LAND OF SONGS is the first film by brother-sister filmmaking team Aldona and Julian Watts. Their Lithuanian-American mother raised them in San Francisco, California with an appreciation for their roots. As children she shuffled them, often against their will, to gatherings organized by the local Lithuanian-American community. They grew up listening to the stories of their Lithuanian grandmother, "Bobute." Aldona in particular was transfixed by Bobute's vivid accounts of her childhood in Lithuania, and her harrowing experiences during World War II. She planned to record her grandmother's oral history, but before she got the chance, Bobute suddenly passed away.
The summer after Bobute died, the family visited friends in a small village in the region of Lithuania called Dainava, or “Land of Songs.” To acquaint them with the oral tradition for which the area is named, their friends brought in the local experts: a sprightly group of twelve village grandmas. Aldona was charmed by their lively spirits, and moved by their haunting songs. She could see that singing kept the grandmas young at heart, and was the thread binding their lifelong friendships. It was also clear that the songs served as a record of their village's tragic history, and a means of coping with the traumatic memories of their lives - as it had been for generations of women before them. They reminded her of Bobute, and she felt she had been given another chance. She promised the grandmas that she would return and make a film about them. They were just as thrilled about the prospect as she was, if not a little surprised - their own grandchildren weren't interested in their songs, and here was this odd American teenager who couldn't get enough.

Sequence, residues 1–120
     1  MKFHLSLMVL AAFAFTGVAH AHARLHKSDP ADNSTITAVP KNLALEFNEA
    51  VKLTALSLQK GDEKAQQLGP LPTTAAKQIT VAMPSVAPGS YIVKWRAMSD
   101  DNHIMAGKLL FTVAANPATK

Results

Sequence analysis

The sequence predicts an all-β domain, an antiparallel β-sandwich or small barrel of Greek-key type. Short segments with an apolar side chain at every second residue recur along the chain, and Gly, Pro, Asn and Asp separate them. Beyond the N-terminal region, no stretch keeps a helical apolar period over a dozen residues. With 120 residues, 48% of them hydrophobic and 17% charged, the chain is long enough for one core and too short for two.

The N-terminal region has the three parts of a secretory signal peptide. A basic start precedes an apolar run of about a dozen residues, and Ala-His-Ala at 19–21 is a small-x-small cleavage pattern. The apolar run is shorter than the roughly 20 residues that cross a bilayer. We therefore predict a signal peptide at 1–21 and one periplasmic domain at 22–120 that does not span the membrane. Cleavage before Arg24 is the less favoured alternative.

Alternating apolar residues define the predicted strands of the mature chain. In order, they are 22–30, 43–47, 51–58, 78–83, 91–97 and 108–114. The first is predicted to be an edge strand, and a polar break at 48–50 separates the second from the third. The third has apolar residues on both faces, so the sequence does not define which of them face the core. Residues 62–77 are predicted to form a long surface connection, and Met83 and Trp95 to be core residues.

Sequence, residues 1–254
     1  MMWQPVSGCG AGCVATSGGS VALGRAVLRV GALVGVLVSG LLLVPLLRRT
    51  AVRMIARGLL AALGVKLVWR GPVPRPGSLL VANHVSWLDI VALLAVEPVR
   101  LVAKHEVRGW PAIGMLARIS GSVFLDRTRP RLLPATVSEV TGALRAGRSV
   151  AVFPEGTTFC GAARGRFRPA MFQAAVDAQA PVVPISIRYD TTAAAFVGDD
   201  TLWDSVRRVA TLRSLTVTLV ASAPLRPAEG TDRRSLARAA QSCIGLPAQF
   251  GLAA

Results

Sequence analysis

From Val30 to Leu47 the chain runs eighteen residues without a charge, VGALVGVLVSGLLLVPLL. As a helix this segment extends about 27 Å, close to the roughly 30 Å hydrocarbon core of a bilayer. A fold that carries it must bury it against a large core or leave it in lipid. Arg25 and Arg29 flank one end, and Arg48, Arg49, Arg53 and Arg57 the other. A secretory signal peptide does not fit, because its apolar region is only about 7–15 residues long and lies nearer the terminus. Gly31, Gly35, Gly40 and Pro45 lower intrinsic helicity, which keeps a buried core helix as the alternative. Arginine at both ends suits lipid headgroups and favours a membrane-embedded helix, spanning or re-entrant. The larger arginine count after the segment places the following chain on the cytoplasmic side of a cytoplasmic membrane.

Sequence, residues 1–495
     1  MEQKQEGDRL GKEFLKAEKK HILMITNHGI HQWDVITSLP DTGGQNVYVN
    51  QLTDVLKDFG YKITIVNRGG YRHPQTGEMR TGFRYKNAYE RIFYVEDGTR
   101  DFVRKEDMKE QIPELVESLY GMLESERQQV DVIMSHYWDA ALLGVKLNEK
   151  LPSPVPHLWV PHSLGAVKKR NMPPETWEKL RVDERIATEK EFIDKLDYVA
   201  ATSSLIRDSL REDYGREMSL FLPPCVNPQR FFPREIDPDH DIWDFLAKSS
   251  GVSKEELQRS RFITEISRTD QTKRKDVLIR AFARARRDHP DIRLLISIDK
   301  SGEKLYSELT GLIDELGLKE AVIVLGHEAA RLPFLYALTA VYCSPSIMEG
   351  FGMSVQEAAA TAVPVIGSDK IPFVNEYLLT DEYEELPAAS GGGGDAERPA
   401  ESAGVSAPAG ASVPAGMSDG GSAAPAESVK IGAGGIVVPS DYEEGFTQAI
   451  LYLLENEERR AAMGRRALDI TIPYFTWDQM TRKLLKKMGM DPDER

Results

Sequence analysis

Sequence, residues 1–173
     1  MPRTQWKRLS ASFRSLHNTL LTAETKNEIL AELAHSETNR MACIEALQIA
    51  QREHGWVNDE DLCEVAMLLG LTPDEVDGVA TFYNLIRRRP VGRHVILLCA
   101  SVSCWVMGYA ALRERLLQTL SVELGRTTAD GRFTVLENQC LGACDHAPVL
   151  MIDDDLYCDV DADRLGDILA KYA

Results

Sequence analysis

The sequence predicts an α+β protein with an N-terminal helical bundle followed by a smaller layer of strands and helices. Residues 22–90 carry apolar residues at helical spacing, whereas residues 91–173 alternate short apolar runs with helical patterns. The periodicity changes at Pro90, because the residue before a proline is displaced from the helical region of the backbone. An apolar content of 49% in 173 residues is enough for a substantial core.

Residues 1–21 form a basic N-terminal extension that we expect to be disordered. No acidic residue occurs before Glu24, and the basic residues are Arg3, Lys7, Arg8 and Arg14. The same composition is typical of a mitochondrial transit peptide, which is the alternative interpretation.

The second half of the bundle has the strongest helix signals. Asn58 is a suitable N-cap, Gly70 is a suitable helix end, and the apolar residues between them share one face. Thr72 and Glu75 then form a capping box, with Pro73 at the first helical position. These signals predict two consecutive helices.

The years passed and life happened, but Aldona never forgot her promise. In 2011 she discovered that all but five of the grandmas had already passed away, and she knew it was now or never. Julian joined her, and with minimal filmmaking experience, they harnessed their DIY backgrounds, assembled a crew of skilled friends, and raised funds. By summer 2012, they were back in the village to make a film. The result is a tender, poetic record of the lives of five incredible women, and a testament to the universal language of folk music.